Raphael Warnock defeats Trump-loving millionaire senator and makes history

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Georgia just elected its first Black senator.

Democratic candidate Raphael Warnock defeated Republican incumbent Sen. Kelly Loeffler in Tuesday's runoff election for one of Georgia's two U.S. Senate seats, according to multiple news outlets. Warnock will be the first Black senator to represent Georgia.

During the campaign, Warnock, the senior pastor of Ebenezer Baptist Church in Atlanta, formerly the pulpit of the Rev. Martin Luther King Jr., highlighted his biography, talking about growing up in public housing in Savannah, relying on Pell Grants and student loans to pay for his Morehouse College education, earning a Ph.D., and being ordained a minister. His campaign focused on his support for affordable health care, rebuilding the economy, expanding voting rights, reforming criminal justice, and guaranteeing educational opportunities for everyone.

He was backed by former presidents Barack Obama and Jimmy Carter, President-elect Joe Biden, and 2016 Democratic Georgia gubernatorial nominee Stacey Abrams.

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Loeffler, an extremely wealthy former financial services executive whose husband just became a billionaire, has done everything possible to present herself as a sycophant of and apologist for Donald Trump.

On Monday, Loeffler announced that she would join a dozen of her fellow Republican senators in supporting Trump's attempted coup by objecting to the certification of the Electoral College results on Wednesday. It will be one of her final acts as a senator.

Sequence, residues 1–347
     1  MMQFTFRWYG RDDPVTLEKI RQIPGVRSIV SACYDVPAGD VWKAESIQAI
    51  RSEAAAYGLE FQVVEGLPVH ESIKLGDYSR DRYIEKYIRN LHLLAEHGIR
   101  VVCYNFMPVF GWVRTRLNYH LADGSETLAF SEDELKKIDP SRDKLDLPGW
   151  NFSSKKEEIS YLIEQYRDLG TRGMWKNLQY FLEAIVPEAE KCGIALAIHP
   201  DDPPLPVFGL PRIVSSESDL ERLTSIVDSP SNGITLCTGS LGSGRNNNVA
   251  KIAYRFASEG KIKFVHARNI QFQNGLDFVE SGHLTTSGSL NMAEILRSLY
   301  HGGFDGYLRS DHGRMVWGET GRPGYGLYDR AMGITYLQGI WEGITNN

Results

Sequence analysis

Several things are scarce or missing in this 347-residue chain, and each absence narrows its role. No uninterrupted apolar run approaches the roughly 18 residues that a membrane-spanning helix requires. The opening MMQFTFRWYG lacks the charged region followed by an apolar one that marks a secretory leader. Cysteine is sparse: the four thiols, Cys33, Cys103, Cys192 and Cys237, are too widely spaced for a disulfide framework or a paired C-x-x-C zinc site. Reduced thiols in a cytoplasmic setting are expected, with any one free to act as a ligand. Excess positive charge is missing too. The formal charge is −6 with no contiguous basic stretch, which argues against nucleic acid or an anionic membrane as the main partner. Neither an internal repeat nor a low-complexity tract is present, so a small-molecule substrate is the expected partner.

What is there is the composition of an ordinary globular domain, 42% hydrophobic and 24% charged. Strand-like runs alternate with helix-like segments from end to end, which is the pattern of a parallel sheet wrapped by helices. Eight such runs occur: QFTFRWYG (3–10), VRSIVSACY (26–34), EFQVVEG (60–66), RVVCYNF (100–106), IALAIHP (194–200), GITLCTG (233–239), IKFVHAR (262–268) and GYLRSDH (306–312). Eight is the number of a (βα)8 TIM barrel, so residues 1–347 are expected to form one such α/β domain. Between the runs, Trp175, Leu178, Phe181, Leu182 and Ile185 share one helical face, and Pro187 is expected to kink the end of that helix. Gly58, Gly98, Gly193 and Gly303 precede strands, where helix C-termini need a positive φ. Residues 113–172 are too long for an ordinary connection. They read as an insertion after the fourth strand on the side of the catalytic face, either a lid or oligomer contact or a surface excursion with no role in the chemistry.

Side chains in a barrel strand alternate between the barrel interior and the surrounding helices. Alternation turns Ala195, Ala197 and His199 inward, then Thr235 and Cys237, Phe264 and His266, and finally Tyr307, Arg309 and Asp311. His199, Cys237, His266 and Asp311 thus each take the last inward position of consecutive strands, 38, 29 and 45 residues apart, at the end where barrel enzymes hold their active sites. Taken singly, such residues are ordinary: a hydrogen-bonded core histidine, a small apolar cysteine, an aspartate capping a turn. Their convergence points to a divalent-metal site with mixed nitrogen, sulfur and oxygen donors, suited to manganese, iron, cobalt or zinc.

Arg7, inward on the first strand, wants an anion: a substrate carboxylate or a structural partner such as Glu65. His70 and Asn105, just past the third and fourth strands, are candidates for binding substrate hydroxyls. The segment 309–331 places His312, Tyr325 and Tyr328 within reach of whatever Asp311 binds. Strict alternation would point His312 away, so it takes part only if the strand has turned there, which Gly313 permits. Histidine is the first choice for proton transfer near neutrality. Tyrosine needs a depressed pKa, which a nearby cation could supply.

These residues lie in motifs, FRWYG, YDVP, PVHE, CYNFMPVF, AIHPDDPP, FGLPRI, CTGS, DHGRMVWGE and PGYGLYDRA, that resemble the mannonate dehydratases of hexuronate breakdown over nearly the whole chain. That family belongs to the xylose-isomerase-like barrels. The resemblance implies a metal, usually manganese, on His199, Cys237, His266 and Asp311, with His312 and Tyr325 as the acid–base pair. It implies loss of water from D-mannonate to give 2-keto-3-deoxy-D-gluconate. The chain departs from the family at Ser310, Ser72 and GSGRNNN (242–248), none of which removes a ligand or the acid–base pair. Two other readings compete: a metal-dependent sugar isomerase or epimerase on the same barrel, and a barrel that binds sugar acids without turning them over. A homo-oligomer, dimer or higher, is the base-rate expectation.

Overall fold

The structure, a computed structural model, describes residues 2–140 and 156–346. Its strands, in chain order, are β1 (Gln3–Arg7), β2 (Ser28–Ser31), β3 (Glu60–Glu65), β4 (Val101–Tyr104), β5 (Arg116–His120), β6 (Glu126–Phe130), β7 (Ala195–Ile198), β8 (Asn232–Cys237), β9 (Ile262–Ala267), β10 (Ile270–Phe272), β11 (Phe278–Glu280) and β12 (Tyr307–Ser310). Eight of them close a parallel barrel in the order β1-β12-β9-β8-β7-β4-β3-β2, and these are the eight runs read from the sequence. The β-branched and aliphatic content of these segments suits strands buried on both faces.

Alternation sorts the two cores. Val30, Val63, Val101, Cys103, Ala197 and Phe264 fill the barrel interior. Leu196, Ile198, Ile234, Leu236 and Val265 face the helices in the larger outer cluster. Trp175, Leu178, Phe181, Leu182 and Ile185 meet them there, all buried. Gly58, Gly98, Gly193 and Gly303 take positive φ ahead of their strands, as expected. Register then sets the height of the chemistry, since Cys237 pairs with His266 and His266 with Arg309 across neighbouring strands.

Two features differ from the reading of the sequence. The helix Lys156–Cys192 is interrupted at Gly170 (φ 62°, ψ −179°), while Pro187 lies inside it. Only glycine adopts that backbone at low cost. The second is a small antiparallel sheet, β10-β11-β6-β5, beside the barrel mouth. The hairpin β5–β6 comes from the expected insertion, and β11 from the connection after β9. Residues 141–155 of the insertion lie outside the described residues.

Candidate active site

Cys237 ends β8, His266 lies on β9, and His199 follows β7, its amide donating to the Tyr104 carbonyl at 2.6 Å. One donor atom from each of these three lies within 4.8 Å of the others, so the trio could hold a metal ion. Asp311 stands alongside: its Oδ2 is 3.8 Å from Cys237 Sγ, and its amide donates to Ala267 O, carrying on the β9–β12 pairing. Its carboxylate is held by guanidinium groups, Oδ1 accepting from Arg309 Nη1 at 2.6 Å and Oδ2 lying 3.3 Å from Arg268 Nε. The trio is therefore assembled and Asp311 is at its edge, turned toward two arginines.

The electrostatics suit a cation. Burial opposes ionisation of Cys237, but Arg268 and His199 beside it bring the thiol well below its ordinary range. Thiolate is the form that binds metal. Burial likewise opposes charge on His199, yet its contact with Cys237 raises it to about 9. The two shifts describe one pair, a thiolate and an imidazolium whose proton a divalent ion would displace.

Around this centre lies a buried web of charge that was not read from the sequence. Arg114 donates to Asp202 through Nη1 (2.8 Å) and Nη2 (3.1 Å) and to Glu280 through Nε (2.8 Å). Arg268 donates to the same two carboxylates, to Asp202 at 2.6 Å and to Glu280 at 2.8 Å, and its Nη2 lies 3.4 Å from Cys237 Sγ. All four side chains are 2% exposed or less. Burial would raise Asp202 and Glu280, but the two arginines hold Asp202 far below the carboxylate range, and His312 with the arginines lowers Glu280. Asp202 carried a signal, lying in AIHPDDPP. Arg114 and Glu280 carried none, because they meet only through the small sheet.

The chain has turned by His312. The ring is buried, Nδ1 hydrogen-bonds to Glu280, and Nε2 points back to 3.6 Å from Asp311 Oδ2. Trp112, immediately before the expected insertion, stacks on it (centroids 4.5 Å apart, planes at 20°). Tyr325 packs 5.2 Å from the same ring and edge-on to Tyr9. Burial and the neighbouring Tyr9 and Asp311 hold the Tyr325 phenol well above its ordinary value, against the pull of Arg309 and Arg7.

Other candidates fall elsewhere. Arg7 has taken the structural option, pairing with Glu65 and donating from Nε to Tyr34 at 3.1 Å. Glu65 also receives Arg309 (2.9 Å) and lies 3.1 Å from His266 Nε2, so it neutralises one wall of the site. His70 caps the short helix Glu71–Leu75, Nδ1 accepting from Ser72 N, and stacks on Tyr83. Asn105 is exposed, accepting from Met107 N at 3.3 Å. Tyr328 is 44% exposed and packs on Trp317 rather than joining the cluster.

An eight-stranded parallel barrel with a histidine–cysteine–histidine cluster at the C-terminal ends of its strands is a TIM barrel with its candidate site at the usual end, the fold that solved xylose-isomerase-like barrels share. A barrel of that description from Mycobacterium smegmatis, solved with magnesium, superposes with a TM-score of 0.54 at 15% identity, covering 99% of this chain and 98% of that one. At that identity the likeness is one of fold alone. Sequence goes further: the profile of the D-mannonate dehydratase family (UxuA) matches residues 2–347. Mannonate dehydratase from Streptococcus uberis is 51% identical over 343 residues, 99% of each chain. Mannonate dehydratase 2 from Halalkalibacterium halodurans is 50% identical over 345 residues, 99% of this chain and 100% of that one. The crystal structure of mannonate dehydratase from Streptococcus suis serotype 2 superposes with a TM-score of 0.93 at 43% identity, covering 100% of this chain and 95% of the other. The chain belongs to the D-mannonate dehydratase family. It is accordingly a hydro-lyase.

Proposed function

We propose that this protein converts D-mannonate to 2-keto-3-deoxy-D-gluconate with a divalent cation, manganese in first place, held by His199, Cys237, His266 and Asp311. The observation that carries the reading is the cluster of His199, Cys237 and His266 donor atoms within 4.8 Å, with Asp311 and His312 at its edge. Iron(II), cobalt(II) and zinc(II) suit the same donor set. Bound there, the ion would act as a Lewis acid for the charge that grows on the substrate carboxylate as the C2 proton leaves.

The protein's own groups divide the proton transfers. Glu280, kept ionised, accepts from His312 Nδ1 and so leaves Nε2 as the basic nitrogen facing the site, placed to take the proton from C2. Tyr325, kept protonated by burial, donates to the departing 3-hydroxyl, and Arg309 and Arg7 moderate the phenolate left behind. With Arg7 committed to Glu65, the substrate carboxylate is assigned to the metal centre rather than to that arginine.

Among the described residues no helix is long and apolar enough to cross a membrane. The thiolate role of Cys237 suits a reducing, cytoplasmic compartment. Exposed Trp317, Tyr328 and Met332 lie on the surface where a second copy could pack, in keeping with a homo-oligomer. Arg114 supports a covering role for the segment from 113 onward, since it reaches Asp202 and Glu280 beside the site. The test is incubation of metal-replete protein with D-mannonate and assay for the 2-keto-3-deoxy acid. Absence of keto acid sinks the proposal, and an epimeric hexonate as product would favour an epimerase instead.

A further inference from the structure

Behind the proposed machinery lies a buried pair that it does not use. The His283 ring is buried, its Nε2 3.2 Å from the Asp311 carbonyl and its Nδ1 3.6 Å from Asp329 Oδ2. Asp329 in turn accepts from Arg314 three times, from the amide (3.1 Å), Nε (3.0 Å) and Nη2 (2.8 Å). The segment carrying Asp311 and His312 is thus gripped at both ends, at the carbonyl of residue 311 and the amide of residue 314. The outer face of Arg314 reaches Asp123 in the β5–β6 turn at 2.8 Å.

Loeffler's campaign drew criticism both for her pandering to racists and for overtly racist attacks on Warnock.

Her web ads featured Trump using a racist term to describe the coronavirus as he praised her candidacy. She appeared on a program hosted by a prominent white supremacist; took a selfie with a prominent former Ku Klux Klan leader; recycled many of the racist tropes used against Obama during his 2008 presidential campaign; and frequently attacked Warnock for his religious beliefs, even criticizing him for quoting the Bible.

When she was called out for the attacks, she accused Warnock of "playing the victim" and asserted that she does not have "a racist bone" in her body.

Warnock dismissed the attacks against him, running lighthearted ads predicting that he would soon also be smeared as hating puppies.

Warnock won a plurality of the votes in the November special election for the seat. Because no candidate received a majority, he and Loeffler advanced to Tuesday's runoff.

Warnock will serve the final two years of former Sen. Johnny Isakson's term. The seat will be up for election again in November 2022.

Published with permission of The American Independent Foundation.